LAFAYETTE -- Actor Kelcie Stranahan, a waiflike Lafayette native and former ballet student, will appear in her debut starring role in "Last Hours In Suburbia," a Lifetime film airing on Saturday, Sept. 22.
Directed by John Stimpson and also featuring Maiara Walsh ("Desperate Housewives," "Switched at Birth"), Stranahan takes the lead as Grace, a 17-year-old girl accused of causing the death of her BFF, Jenny. Facing jail time, Grace desperately seeks exoneration by calling on the ghost of her lost friend to help her retrace their terrifying, fatal car accident.
Like the best of dancers, Stranahan disguises the arduous task of tiptoeing through the competitive minefield of a performing arts career with disarming simplicity.
"I had a girlfriend who was going to L.A. to take acting classes and went along. I just did it for fun," she said in a phone interview from her part-time home in Southern California.
Stranahan, 19, is the daughter of Chapman Stranahan and Gail Rivard, an electrical engineer and dental technician, who raised their three children in the comfort and affluence of the East Bay.
"They helped me grow up with a great education that taught me to take in differing perspectives," Kelcie said.
Early dreams of becoming a professional ballet dancer were replaced by acting, after the initial summer workshop helped the shy, 13-year-old actor break down her resistance to being in front of an audience.
If East Bay theatergoers don't recognize Stranahan, it's likely because of her limited appearances in the area. Other than modeling work in San Francisco, three educational videos about cyberbullying and cheating in school and ensemble roles in one high school musical and a community theater play, her work has all been in L.A. She signed with one agency at age 15 and now is represented by Innovative Artists.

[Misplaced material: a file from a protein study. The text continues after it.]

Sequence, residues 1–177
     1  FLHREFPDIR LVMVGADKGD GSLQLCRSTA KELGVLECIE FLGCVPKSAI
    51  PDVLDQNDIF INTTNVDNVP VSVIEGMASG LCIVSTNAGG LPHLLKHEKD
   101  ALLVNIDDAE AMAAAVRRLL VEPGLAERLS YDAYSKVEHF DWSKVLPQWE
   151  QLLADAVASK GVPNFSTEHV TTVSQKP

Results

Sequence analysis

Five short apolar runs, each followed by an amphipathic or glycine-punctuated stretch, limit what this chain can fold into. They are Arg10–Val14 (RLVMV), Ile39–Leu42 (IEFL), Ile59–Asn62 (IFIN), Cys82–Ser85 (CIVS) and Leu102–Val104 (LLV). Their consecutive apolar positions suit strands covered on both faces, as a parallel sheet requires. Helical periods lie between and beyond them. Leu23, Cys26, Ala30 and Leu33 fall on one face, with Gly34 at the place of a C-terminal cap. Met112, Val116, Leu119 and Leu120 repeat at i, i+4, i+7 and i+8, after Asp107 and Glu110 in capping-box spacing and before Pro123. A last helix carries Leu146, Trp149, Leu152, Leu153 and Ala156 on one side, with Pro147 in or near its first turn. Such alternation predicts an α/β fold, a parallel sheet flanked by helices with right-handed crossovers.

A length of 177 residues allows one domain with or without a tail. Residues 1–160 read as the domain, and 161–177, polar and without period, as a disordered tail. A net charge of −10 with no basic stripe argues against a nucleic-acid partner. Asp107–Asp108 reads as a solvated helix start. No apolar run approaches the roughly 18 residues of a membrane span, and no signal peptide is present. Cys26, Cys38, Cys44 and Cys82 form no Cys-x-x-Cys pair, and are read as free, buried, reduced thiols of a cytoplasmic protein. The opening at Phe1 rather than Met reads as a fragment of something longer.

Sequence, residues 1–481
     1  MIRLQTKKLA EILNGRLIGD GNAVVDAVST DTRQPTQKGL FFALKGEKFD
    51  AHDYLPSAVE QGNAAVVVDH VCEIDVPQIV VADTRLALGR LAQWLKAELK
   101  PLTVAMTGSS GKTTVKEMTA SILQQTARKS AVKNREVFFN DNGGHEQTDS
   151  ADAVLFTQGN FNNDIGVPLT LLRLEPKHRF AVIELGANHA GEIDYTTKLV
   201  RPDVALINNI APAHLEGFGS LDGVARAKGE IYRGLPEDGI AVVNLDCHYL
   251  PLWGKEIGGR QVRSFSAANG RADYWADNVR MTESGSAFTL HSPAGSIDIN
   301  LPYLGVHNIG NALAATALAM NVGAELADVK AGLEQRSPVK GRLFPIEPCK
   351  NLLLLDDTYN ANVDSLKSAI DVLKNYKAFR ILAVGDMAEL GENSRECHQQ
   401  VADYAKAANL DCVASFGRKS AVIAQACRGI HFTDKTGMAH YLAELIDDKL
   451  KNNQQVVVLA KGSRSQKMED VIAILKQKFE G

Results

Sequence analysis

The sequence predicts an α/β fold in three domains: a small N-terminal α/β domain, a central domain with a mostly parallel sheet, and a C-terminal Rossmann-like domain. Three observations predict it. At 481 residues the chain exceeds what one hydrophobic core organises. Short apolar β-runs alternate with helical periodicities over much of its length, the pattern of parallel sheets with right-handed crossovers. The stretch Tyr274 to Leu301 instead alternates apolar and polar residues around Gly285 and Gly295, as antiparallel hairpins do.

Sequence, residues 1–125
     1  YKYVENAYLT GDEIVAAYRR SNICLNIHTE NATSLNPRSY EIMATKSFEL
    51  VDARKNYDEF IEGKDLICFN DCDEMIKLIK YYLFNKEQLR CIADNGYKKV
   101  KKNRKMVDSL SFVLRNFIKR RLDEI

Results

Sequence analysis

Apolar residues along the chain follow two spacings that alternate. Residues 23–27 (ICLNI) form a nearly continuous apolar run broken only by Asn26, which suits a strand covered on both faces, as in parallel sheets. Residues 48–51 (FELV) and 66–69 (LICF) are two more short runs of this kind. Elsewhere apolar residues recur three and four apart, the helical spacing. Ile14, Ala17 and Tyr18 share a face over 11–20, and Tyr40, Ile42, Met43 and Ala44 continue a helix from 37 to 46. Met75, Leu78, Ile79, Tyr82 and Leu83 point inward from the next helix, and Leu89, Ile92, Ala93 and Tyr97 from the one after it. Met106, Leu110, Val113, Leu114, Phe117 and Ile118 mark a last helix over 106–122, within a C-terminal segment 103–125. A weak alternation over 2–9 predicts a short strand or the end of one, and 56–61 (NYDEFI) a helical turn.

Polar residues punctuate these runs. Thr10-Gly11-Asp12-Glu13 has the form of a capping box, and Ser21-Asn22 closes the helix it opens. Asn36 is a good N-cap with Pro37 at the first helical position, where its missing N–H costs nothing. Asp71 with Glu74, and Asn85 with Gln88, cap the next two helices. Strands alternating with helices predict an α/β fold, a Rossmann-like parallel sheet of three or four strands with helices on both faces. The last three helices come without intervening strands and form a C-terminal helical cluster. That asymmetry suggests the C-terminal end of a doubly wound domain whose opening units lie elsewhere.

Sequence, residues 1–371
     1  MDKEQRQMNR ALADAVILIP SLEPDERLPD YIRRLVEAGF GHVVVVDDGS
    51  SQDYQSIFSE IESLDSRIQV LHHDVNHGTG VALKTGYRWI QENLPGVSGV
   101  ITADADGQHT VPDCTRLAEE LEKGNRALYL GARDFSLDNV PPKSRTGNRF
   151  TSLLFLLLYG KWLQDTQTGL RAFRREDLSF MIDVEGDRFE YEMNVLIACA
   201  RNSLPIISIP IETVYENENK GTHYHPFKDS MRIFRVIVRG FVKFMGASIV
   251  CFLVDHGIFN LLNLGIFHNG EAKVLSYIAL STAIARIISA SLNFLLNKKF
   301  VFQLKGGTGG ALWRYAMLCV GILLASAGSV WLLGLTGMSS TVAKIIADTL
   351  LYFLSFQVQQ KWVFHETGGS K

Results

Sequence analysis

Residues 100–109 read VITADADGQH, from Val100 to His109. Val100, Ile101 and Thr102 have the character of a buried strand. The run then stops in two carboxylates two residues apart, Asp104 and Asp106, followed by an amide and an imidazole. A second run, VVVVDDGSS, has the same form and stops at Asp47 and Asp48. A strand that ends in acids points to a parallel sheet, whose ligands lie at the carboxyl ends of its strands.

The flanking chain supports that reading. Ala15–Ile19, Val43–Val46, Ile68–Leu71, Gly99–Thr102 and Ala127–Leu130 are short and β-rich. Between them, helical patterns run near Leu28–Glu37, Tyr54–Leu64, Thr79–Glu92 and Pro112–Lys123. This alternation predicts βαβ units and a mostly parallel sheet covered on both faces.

Along the way to her first leading role in the Lifetime film, Stranahan has hit several high points.
"The audition for (television's) "Without A Trace" was quick because they said they were in a hurry. I went in, read my lines, they said come back in an hour. I read again, but when two days went by, I assumed I hadn't gotten it," she recalls.
Instead, Stranahan had landed a "co-star" position, meaning she had more than five lines, which bumped her pay to close to $1,000. Shooting happened in one day and doing "so many takes, with different angles, readjusting extras, fixing wardrobe and changing lighting" was astounding, even to the by-now veteran actor.
For films, the amount of work is even more extreme.
"People underestimate what it takes to make a movie," she insists. "Even for tiny scenes where someone says one line, you might have to do it 10 times. It takes a huge amount of people, or they're not going to get the shot. Unless you're there on set, you don't have any idea."
Filming "Last Hours In Suburbia" was incredibly draining.
"I'd never been to the East Coast and, starting off, it was so difficult to adapt to being in a strange place," she said. "The people were different: they were so 'get it done.' so 'just do the work,' and finish quickly!"
The film's content was another hardship.
"It's about a girl who kills her best friend," Stranahan moans. "Every single scene was emotional, depressing. I was in a terrible, never-happy place for a month."
A week in sunny California after the film wrapped helped her shake off the gloomy cobwebs and catch up on sleep lost during frequent all-night shooting.
"Union rules say you can only work 12 hours, but basically, we shot from early morning to late at night," she remembers.
Stranahan admires actors like Kevin Spacey, whose intensity she says "makes acting go beyond what is written on the page." Films like "American Beauty," which she studies multiple times with varying objectives like physicality, relationships and pacing, are her favorites.
"I love watching comedy, but I don't think I'm funny," she admits. "I'm drawn to drama and horror because I want to make people feel something in the moment."
Temperamentally suited to film's more internal, intimate format, she is less at home with what she calls live theater's "loud and less subtle" demands.
"Besides," she added, "In theater you only get one chance in each performance. In film, you can go back, change, go back, change."
With a new acting coach and larger roles, Stranahan says college can wait. For now, she's content to let a camera capture her search for feelings behind words and emotions beyond the page.
Who: Kelcie Stranahan
When: Saturday, 8 p.m. (Pacific), Lifetime network